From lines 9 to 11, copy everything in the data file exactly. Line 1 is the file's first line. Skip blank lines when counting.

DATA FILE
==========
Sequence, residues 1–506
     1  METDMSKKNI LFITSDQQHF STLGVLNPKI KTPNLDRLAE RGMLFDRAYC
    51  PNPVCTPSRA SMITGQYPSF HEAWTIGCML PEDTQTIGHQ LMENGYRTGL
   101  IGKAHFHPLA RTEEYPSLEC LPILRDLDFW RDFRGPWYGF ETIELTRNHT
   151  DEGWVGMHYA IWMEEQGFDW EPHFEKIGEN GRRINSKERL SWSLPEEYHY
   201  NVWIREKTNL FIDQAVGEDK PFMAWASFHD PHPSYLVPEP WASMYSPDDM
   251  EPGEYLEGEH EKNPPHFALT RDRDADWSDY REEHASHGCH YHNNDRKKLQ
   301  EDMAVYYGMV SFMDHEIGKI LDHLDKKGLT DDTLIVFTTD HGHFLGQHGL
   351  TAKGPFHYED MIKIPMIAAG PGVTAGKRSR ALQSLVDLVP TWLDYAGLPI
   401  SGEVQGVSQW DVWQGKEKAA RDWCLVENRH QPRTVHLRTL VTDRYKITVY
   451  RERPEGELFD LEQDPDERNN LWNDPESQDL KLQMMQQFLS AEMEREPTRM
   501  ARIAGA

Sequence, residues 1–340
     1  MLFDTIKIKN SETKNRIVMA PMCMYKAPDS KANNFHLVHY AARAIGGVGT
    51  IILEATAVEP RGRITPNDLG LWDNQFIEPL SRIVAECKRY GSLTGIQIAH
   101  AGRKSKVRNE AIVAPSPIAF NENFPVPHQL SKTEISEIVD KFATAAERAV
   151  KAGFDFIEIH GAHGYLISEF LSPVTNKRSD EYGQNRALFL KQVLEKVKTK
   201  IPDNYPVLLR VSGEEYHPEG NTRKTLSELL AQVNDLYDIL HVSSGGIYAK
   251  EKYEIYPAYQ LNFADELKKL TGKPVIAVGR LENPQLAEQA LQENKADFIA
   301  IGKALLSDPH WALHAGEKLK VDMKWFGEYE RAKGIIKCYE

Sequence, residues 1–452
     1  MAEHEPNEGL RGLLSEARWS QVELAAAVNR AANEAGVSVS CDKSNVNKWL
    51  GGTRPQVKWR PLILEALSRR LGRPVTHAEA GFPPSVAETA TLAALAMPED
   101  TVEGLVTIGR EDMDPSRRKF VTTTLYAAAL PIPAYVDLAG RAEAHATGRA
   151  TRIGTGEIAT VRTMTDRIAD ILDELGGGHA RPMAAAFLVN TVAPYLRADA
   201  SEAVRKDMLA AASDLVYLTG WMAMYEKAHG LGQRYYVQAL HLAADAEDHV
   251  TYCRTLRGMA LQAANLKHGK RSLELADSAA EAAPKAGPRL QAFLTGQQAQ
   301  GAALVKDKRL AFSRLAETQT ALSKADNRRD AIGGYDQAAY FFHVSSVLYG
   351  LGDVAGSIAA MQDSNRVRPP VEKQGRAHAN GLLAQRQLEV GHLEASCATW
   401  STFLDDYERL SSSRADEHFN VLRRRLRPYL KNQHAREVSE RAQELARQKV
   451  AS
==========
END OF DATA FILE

   351  TAKGPFHYED MIKIPMIAAG PGVTAGKRSR ALQSLVDLVP TWLDYAGLPI
   401  SGEVQGVSQW DVWQGKEKAA RDWCLVENRH QPRTVHLRTL VTDRYKITVY
   451  RERPEGELFD LEQDPDERNN LWNDPESQDL KLQMMQQFLS AEMEREPTRM